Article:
Library of Congress E-Resources Online Catalog

Library of Congress has a beta version of its new e-resources online catalogue. According to its description, “with this catalog you can browse our databases alphabetically or by subject area.  You can search for journals and see the coverage and which of our subscription resources have the title.  There are a number of freely accessible websites recommended by staff and a selection of e-books both subscription and free public access.”  LC is looking for public input, so please feel free to comment here and to LC.


The “Great Librarian Massacre”

There’s been quite a bit of sound and fury over Harvard’s library restructuring plan. Claims of forcing librarians to reapply for their jobs and the lackluster, non-commital responses from the administration have caught the attention of quite a few academic librarians. (Read the Library Journal article here)

One cataloguing librarian writing on Daily Kos put in his two cents on how and why this reorganization scheme will have a disproportionate effect on cataloguers and other tech services personnel. In short, it’s the Internet’s fault. He does raise a lot of interesting points about how the changes to libraries over the past few decades have affected the role of cataloguers, but he comes short of offering much in the way of solutions. He argues that cataloguers in “the role of mediator, who stands between the user and the collection and manages the discovery of its materials (in all formats) remains vital[,]” but fails to elaborate much beyond that.

Turning your phones into cataloguing clients

This post discusses how smartphones could be used to create catalogue records via OCR (Optical Character Recognition).  If I understand the premise correctly, you could take a digital photograph of a book’s title page, for example, then use OCR technology to convert the text (e.g., title, SOR) into a MARC record.  Any thoughts?  I do wonder about the quality of the resultant records since, in essence, you are relying on software to select and input data correctly.  This presumes, also, that the software could distinguish between, say, a title statement and an SOR.  Without further details, it’s hard to assess how this woudl work, but it’s an intriguing concept.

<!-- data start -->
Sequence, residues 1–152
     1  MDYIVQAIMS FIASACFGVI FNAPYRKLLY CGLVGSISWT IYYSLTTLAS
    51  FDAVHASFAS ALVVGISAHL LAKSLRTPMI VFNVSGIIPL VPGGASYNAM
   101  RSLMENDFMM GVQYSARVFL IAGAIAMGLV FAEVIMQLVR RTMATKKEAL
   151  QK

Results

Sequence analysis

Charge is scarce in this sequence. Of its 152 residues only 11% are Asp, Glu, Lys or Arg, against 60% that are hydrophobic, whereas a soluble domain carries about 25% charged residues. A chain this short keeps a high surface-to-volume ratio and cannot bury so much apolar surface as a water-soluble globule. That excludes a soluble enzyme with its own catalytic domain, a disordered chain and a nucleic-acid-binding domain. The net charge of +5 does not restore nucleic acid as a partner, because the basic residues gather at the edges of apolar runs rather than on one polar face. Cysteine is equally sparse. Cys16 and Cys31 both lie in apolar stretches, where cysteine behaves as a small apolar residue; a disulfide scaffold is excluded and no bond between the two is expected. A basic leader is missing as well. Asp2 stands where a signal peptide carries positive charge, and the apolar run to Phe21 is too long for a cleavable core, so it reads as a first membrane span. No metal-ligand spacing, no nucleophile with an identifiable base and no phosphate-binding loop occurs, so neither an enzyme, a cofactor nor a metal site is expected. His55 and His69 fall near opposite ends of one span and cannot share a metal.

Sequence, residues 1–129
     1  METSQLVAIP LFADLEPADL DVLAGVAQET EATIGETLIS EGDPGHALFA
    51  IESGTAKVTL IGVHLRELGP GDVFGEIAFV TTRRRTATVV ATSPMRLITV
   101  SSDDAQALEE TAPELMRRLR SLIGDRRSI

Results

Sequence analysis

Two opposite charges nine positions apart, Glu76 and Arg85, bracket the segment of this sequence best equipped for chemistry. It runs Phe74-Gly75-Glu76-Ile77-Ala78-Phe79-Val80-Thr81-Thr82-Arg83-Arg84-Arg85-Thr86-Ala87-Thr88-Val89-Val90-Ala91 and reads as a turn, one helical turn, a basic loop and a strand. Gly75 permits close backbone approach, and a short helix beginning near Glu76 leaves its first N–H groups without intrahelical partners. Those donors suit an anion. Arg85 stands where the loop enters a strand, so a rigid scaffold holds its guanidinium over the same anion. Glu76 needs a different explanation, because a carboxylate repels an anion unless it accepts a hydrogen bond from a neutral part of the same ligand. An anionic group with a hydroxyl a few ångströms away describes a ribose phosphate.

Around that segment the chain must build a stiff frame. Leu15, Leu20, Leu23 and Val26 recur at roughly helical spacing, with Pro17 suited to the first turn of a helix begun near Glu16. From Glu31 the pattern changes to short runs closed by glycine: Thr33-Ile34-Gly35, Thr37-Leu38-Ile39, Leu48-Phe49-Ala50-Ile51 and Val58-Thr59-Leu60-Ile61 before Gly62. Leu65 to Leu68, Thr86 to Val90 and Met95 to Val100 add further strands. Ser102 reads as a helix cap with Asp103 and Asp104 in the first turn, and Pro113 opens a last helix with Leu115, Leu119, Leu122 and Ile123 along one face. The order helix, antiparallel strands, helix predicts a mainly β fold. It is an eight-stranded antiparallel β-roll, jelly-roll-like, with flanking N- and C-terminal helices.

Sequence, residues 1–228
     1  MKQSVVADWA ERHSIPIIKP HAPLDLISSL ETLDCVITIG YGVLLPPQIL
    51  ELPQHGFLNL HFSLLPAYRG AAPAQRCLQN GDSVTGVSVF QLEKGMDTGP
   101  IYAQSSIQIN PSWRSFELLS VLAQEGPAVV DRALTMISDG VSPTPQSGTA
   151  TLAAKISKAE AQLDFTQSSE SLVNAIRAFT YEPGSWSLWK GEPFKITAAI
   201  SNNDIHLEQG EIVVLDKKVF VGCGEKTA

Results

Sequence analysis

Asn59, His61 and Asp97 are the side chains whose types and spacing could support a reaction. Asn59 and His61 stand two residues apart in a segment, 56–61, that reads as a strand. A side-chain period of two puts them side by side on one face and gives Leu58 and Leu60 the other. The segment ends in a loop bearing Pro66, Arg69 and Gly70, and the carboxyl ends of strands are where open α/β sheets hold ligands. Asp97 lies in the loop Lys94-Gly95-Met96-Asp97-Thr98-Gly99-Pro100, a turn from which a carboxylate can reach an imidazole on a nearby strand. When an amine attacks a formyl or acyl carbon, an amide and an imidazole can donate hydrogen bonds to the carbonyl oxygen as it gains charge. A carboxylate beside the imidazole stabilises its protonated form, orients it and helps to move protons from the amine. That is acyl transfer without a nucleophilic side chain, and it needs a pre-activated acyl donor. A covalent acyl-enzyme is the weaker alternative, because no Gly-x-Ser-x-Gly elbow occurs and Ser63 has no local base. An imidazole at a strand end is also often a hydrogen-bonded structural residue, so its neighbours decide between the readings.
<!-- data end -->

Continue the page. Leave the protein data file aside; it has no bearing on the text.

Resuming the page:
Metadata Silos

I found a recent post from Karen Coyle’s blog worth a read. Here’s the quotation that caught my eye:

Each of these efforts takes a single library standard and, using RDF as its underlying technology, creates a full metadata schema that defines each element of the standard in RDF. The result is that we now have a series of RDF silos, each defining data elements as if they belong uniquely to that standard. We have, for example, at least four different declarations of “place of publication”: in ISBD, RDA, FRBR and MODS, each with its own URI. There are some differences between them (e.g. RDA separates place of publication, manufacture, production while ISBD does not) but clearly they should descend from a common ancestor

Via Coyle’s Information (emphasis added)

The post’s title is “Bibliographic Framework: RDF and Linked Data” and it’s prompted me to start reading about RDF in a more focussed way. My suspicion is that successful linked data efforts—including efforts to expose library catalog data to the web—will require that siloed metadata schemas be avoided.


Code Year Catalogers

You may be interested this post, which discusses an opportunity to learn free coding.  As the post suggests, “Catalogers work with massive amounts of curated bibliographic data, and being able to manipulate it in new and different ways and in ever increasing amounts is key as we move forward into the bibliographic future and the world of linked data and the semantic web.”

The relationship of knowledge organization to linked data

Lorcan Dempsey,  Vice President, OCLC Research and Chief Strategist, posted his thoughts on how knowledge organization can be used to link data across networks. Dempsey suggests that the catalogue represents a network of knowledge.  ”In theory, this is achieved through ‘adjacency’ and cross reference, notably with reference to authors, subjects and works.”  Dempsey suggests that this model can be expanded to link data across a wider variety of platforms.  What do you think is the continuing value of catalogues and linked data in our society?